This spring, after considerable study, Pitzer College announced a comprehensive and ambitious climate-action plan, including a commitment to divest the endowment of substantially all fossil-fuel-company stocks by the end of 2014. It was not a decision made lightly, but one that we felt was a key step in more fully aligning the college’s actions with its mission and values.
Our deliberations began last October, when the Board of Trustees formed a working group, which I chaired, composed of students, faculty and staff members, and trustees. In the course of our discussions, we confronted a wide variety of objections to divestment, many raised by other colleges and universities that have rejected it. Taking the road less traveled required much research and soul-searching, but, personally, I can say it was well worth the journey.
As other colleges consider fossil-fuel divestment and confront those objections, I would like to share the objections and our responses, which helped shape Pitzer’s decision:
We would be violating our fiduciary duty as trustees to do anything that does not maximize our endowment’s performance.
A fiduciary is one who acts solely in the interests of another. For a college, those "interests" are multiple and often conflicting, requiring trade-offs. Nowhere is it written that interests exclude everything but endowment performance. Surely it is also in the institution’s interest to align its actions (investment decisions, for example) with its values and mission (environmental sustainability, for example).
The big fossil-fuel companies won’t stop producing fossil fuels because we divest. Our sale won’t cause even a blip in the stock market.
This is true, but beside the point. Divestment changes the public discourse on our collective energy future; it’s aimed not at oil companies, but at those who must craft a public policy consistent with a habitable planet.
We would look like hypocrites, selling our investments in fossil-fuel companies while tanking up our cars.
This misses the fundamental reality that while we are all embedded in the carbon economy to some degree, it is not really by choice. Do we choose to buy a particular car because it is powered by gasoline? Does anyone (other than a fossil-fuel company) care about the source of the electricity that powers our appliances? No.
The real hypocrisy is saying that you support a world largely free of fossil-fuel emissions, while at the same time betting on their producers to continue delivering a steady profit stream to your endowment. In the larger sense, we must divest ourselves of a carbon-based lifestyle. It won’t happen overnight, and the investment and consumption dimensions may not progress with equal speed. But let’s divest ourselves of a carbon-dependent existence where we can, as quickly as we can.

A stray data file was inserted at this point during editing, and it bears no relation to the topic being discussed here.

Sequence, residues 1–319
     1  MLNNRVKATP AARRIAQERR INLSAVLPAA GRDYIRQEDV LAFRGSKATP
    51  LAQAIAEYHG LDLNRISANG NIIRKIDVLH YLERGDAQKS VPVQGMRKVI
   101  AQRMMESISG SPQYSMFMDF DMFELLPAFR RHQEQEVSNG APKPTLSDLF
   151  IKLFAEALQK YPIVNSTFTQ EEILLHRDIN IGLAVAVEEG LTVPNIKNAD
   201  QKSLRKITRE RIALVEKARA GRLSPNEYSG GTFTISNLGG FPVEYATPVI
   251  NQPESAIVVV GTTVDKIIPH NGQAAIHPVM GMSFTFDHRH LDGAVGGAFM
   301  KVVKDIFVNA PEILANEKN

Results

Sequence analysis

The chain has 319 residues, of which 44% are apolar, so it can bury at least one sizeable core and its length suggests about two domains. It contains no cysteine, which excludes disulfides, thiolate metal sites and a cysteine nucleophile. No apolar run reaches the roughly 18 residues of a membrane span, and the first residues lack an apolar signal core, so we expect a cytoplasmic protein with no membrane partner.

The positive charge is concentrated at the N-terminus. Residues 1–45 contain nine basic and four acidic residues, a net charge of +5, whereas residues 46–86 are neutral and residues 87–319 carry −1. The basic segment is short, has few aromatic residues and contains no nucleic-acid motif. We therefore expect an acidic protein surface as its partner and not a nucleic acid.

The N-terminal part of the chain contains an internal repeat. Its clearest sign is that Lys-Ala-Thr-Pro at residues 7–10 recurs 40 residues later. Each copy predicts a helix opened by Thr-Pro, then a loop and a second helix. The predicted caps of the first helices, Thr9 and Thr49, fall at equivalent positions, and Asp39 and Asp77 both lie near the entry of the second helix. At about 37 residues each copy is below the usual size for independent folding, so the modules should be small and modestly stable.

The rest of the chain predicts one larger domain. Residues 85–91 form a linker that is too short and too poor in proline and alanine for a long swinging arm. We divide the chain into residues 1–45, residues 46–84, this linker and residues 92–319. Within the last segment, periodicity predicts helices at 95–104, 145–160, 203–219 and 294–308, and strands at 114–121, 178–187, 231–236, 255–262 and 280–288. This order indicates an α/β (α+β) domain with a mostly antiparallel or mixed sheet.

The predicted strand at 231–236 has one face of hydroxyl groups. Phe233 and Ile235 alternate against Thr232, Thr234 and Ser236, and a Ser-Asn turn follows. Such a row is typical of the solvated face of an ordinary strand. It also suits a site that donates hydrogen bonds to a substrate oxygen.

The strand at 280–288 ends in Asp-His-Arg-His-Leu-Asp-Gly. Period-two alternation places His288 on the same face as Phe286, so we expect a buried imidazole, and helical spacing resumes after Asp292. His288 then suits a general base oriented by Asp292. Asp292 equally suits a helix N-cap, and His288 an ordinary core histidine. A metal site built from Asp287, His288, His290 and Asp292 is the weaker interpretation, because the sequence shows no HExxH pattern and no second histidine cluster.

Selling those holdings from our endowment will deprive us of their investment returns.
Yes, the institution will no longer derive returns from those companies, but the proceeds from divestment will be reinvested in something. So the question really is whether fossil-fuel companies will do better or worse than the rest of the investable universe. Historically, the companies’ stock performance has been roughly in line with the rest of the stock market, and we see no reason to expect them to outperform the market in the future.
In fact, many people cite "stranded asset" risk—the idea that under a more stringent federal emissions policy these companies might have to leave reserves in the ground—as a reason that they could underperform in the future. A related question is whether divesting will materially reduce portfolio diversification. Our committee’s analysis and those of others suggest that any such effect will be negligible.
Divestment also creates a natural opportunity for targeted reinvestment in companies and projects that promote sustainability and other mission-consistent goals.
We invest in commingled vehicles such as mutual funds. We would have to sell those funds in order to remove the fossil-fuel companies that they hold, so divestment would force us to sell most or all of our investments, at great cost to the endowment.
There are two problems with this argument. First, it views divestment as a binary, all-or-nothing choice. Yet a ranking of direct and commingled assets by carbon intensity quickly reveals the low-hanging fruit. The institution may well discover that substantial, if not complete, divestment can be achieved with minimal portfolio disruption.
Second, this viewpoint assumes that endowments must passively accept whatever the asset-management industry offers. In fact, money managers are nothing if not adaptable to client demand, and are already offering funds free of fossil-fuel companies. Case in point: the recent joint announcement by the world’s largest asset manager, BlackRock, along with the index provider FTSE and the Natural Resources Defense Council.
The endowment should not be used to make political statements.
This incorrectly implies that climate change is a political issue. Without question, climate change is politicized daily, but at its heart climate science has nothing to do with politics; CO2 has no political leanings. On issues of great moral consequence—and climate change is surely one—the academy has a duty to educate not only its students but also society at large. Divestment is an educational statement, not a political one.
In sum, institutions considering divestment will need to tackle these and other objections to reach an informed decision. Having just gone through the process, I offer this advice: Look beneath the surface. Each of the arguments above is intuitively appealing—but on closer inspection, we found that each one could be countered decisively.